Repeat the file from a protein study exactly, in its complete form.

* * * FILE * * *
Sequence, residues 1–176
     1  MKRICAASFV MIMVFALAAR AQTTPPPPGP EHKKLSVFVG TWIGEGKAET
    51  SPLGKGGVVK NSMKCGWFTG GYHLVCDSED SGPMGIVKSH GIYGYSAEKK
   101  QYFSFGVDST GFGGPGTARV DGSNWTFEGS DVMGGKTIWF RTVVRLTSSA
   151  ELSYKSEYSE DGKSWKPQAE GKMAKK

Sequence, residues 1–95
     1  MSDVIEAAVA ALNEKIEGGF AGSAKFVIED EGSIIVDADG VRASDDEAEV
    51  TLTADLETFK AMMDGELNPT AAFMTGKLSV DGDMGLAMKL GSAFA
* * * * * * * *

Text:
Sequence, residues 1–176
     1  MKRICAASFV MIMVFALAAR AQTTPPPPGP EHKKLSVFVG TWIGEGKAET
    51  SPLGKGGVVK NSMKCGWFTG GYHLVCDSED SGPMGIVKSH GIYGYSAEKK
   101  QYFSFGVDST GFGGPGTARV DGSNWTFEGS DVMGGKTIWF RTVVRLTSSA
   151  ELSYKSEYSE DGKSWKPQAE GKMAKK

Sequence, residues 1–95
     1  MSDVIEAAVA ALNEKIEGGF AGSAKFVIED EGSIIVDADG VRASDDEAEV
    51  TLTADLETFK AMMDGELNPT AAFMTGKLSV DGDMGLAMKL GSAFA